by David Uru Iyam
University of Chicago Press, 1995
Cloth: 978-0-226-38848-9 | Paper: 978-0-226-38849-6
Library of Congress Classification DT515.45.B5I93 1995
Dewey Decimal Classification 307.720966944

In this study of the Biase, a small ethnic group living in Nigeria's Cross River State, David Uru Iyam attempts to resolve a long-standing controversy among development theorists: must Third World peoples adopt Western attitudes, practices, and technologies to improve their standard of living or are indigenous beliefs, technologies, and strategies better suited to local conditions?

The Biase today face social and economic pressures that seriously strain their ability to cope with the realities of modern Nigeria. Iyam, an anthropologist and a Biase, examines the relationship between culture and development as played out in projects in local communities.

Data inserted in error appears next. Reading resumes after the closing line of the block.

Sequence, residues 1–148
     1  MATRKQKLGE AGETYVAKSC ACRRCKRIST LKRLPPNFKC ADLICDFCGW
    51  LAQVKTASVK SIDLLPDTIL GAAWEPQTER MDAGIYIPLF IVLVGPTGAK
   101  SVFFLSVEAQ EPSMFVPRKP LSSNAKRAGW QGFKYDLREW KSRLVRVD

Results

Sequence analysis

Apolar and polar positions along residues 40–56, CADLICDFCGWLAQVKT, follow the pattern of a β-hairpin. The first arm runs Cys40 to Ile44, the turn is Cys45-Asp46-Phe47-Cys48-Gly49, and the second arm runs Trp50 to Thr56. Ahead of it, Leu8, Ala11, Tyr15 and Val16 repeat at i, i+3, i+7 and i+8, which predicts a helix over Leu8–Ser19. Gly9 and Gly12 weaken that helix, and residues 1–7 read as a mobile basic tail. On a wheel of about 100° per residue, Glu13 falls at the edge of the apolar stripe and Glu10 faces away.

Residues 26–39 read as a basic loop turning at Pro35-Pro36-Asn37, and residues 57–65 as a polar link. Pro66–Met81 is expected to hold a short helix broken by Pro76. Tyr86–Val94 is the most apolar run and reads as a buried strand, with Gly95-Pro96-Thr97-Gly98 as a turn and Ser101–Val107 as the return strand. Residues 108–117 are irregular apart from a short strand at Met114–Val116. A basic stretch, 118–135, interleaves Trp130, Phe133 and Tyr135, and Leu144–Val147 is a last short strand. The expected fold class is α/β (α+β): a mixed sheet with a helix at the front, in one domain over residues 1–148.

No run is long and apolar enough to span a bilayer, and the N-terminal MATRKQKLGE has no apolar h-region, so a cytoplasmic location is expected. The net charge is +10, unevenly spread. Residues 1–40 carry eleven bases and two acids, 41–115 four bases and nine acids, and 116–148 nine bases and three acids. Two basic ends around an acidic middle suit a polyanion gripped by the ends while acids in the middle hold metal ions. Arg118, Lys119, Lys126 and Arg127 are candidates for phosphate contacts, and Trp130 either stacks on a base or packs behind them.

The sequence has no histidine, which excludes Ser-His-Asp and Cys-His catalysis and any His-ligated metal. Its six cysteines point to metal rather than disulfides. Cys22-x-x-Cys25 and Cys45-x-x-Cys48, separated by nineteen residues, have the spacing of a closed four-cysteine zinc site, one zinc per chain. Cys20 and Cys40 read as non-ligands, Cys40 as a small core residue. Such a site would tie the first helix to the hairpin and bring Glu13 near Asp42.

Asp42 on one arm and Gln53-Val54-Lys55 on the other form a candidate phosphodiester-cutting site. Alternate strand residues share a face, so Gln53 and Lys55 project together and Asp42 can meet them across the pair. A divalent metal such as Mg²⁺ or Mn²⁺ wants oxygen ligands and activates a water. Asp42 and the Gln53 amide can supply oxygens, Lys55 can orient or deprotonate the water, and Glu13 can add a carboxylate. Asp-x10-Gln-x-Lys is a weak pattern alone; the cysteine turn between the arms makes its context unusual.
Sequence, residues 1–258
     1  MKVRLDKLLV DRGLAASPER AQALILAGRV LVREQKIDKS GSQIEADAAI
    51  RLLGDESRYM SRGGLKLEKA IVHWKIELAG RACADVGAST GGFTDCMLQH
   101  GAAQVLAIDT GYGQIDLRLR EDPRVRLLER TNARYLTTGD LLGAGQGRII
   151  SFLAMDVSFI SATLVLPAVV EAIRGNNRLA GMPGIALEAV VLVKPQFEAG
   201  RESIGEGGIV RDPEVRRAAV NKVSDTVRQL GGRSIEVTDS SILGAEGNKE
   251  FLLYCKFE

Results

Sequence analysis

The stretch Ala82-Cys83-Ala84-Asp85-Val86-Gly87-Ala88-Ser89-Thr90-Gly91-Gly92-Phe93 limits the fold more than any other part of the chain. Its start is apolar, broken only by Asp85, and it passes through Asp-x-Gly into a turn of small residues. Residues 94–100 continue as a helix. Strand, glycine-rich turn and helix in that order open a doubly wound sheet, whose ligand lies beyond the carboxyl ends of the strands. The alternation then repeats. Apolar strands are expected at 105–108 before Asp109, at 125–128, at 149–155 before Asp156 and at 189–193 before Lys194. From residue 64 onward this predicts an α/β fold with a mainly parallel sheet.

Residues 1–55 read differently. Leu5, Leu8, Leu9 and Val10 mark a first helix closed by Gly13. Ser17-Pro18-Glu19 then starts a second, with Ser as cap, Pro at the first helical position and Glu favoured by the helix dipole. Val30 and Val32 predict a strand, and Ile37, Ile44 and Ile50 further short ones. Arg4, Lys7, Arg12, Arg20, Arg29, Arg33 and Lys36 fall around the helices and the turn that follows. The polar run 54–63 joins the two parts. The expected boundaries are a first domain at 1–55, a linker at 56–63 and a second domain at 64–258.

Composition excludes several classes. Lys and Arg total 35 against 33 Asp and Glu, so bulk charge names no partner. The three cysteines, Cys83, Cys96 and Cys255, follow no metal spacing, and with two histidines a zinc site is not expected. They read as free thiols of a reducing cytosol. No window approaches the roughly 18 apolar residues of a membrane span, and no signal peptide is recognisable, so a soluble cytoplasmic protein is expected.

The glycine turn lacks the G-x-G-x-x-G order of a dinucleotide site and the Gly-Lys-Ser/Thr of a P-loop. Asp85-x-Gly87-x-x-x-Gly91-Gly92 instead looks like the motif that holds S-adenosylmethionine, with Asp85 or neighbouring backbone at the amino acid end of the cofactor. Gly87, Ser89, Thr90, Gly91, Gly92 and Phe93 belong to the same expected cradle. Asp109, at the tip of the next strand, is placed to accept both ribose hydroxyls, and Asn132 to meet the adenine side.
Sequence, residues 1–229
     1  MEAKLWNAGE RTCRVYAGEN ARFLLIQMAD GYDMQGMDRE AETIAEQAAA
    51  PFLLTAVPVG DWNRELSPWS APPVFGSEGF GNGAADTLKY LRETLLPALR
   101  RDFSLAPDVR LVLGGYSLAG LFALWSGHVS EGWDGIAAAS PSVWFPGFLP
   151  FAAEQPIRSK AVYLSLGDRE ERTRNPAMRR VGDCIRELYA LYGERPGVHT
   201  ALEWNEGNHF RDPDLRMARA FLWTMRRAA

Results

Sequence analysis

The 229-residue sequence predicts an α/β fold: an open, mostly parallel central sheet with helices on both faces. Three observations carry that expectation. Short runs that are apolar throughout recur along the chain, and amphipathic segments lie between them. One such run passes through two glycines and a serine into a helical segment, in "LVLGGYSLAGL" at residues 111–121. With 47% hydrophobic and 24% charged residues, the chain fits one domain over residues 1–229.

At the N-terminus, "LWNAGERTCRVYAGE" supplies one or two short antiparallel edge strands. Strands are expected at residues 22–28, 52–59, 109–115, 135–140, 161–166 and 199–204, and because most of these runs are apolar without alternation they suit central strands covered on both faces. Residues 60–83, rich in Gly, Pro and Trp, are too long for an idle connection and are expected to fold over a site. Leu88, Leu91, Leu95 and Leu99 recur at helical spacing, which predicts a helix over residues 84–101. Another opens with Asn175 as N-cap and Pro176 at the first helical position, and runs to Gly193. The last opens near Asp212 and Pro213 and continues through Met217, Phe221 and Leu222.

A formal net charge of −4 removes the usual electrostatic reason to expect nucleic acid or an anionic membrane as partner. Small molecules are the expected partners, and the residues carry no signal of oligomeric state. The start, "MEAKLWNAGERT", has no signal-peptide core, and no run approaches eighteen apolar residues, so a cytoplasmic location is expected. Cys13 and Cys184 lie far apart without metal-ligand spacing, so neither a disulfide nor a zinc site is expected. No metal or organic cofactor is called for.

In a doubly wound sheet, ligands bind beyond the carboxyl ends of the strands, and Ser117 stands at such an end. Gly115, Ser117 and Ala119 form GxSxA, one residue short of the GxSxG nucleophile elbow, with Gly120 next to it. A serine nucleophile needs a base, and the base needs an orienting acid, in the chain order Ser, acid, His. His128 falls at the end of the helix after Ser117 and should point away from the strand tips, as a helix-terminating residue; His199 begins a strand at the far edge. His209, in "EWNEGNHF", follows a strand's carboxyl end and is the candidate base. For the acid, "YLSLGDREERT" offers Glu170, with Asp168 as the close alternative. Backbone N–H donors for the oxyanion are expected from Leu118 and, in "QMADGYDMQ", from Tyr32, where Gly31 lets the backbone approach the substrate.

Western technologies and beliefs alone cannot ensure economic growth and modernization, Iyam shows, and should not necessarily be imposed on poor rural groups who may not be prepared to incorporate them; neither, however, is it possible to recover indigenous coping strategies given the complexities of the postcolonial world. A successful development strategy, Iyam argues, needs to strengthen local managerial capacity, and he offers suggestions as to how this can be done in a range of cultural and social settings.

See other books on: Biase (African people) | Cross River State | Nigeria | Rural | Rural development
See other titles from University of Chicago Press